Thursday, November 17, 2005


Level One - to have air, food, shelter, sleep, correct body temperature


Level Two - to be free from danger, severe mental stress, bodily harm. To have access to health care. To have predictability in daily life.

check (at last)

Level Three - to belong to a family. To have a give-and-take affectionate relationship with people.


Level Four - To be recognized as a worthwhile individual.


Level Five - To be allowed to develop to full potential.

Level Six - To know our world. To know our authentic selves.


Helen Keller wrote, in 1940 -

Security is mostly a superstition. It does not exist in nature, nor do the children of men as a whole experience it. Avoiding danger is not safer in the long run than outright exposure. Life is either a daring adventure, or nothing.

This is an amazing quotation from a woman blind and deaf. "Avoiding danger is not safer in the long run ...".


I know, this is a rather disjointed post. My daughter returned from Hawaii - she did not explode mid-air, land in Vancouver airport a ball of fire, the plane did not nick anything on its way in, sending it spinning off the runway. She did not disappear, she disembarked as planned. No one snatched her from beside the carosel as she waited for her suitcase. She did actually walk through the 'international arrivals' door, I didn't have to find my way down any long hallways to retrieve her. She did seem bigger, I think I was remembering her as very young.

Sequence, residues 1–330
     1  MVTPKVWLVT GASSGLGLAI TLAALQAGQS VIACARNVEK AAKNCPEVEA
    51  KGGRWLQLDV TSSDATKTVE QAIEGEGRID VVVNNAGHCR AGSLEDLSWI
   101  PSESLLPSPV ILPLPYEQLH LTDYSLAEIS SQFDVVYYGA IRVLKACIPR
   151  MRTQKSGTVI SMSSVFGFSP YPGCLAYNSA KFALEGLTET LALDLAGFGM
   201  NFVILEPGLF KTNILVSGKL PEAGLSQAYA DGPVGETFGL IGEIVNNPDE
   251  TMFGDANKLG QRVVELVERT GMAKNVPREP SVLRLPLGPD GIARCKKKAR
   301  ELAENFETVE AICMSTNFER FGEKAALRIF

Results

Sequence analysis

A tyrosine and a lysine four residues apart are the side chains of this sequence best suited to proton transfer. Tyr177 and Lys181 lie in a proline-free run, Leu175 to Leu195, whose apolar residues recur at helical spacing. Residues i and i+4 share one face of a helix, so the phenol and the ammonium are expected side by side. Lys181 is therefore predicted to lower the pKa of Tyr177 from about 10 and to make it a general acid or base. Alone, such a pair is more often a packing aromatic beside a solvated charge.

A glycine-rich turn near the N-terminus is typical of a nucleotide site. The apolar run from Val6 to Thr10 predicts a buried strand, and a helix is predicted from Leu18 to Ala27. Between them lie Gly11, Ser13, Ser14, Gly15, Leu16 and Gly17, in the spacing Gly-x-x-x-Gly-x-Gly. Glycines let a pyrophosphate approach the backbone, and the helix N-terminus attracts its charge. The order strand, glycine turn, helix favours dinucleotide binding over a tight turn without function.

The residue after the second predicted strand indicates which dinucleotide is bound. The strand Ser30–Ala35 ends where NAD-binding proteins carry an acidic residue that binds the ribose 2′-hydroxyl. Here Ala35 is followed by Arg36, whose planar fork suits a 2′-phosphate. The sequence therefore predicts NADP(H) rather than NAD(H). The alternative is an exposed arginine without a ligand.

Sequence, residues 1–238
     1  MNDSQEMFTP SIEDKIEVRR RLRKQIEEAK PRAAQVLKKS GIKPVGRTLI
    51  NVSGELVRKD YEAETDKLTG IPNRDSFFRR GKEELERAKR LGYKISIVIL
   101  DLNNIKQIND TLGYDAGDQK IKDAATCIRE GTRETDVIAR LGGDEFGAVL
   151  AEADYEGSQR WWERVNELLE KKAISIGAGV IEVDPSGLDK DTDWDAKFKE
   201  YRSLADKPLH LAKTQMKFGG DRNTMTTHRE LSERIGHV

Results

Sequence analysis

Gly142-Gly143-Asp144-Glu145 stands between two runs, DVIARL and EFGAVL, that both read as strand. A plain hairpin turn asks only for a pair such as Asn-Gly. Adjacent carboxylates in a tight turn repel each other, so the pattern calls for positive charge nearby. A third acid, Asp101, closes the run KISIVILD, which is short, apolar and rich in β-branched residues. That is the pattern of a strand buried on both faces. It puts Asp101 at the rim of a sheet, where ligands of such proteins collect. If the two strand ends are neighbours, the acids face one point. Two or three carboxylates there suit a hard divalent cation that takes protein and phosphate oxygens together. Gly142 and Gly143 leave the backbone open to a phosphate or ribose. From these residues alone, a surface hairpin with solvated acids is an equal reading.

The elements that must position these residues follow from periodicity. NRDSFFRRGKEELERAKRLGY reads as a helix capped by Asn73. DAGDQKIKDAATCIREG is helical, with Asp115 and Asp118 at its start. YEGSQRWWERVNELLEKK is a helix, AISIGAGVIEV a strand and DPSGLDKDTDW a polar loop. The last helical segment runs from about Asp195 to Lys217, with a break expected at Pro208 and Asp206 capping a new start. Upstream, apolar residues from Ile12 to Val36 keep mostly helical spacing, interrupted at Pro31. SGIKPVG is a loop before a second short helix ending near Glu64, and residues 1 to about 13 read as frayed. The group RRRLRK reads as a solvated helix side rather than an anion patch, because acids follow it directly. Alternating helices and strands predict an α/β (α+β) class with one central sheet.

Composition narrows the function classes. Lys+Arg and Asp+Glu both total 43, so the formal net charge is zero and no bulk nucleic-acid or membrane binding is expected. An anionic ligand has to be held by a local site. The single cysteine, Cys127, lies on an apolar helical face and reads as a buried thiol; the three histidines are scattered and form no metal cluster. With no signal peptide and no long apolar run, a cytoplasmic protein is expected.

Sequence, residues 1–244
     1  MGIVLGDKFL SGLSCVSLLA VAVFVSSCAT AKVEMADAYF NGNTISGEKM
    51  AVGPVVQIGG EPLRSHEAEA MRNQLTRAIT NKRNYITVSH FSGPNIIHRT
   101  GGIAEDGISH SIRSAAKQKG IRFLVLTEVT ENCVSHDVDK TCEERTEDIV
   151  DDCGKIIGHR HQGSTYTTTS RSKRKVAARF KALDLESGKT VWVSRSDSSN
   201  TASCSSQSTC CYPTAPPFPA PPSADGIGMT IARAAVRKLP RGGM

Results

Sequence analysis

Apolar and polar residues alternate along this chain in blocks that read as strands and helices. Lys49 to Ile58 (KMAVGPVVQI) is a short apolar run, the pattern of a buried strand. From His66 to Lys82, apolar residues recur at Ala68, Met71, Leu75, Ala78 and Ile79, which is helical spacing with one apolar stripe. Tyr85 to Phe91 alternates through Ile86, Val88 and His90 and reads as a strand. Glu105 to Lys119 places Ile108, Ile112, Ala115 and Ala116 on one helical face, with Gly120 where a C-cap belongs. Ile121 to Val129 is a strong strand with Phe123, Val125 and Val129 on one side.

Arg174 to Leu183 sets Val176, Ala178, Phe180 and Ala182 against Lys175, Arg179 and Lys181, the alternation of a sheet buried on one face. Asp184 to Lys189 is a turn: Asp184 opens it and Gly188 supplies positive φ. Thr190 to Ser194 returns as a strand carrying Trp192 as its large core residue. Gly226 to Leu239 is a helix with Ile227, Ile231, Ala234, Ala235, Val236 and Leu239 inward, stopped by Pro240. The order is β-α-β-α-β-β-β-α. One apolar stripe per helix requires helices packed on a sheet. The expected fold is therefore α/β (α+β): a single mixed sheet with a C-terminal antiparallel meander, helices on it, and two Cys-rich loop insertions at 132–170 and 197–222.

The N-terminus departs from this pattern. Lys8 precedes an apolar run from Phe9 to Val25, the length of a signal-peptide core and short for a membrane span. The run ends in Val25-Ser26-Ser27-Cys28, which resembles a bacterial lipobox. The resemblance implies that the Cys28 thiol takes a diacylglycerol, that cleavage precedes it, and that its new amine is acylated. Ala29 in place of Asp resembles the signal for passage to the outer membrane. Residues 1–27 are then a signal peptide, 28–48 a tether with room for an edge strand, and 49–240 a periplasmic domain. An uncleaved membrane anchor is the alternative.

"daughter in Hawaii" was strangely like "please return for a second pap test, results questionable" - both involve a kind of limbo period where one carries on with life, small flowers and river rock become very special, and time behaves like a rubber band. It stretches and stretches and no one wants to let go, even though oh how we want to let go, let it snap whatever it plans to snap at us and get it over with, get on with it.

The poetry sucks,
and sucks at this ridiculous air
corn syrup and egg yolk

I hold my girl and marvel that she has been returned - to these arms! What incredible things have I done in my life that this could have occurred. This is one of those miracles - why do I get miracle?


Blogger Bob Hoeppner said...

I read a book by Alan Watts called The Wisdom of Insecurity that speaks to what you're talking about. I don't know if it's in print anymore.

I know, for myself, having a daughter is a source of significance in my life when all else seems vaguely unsatisfying.

5:15 AM  

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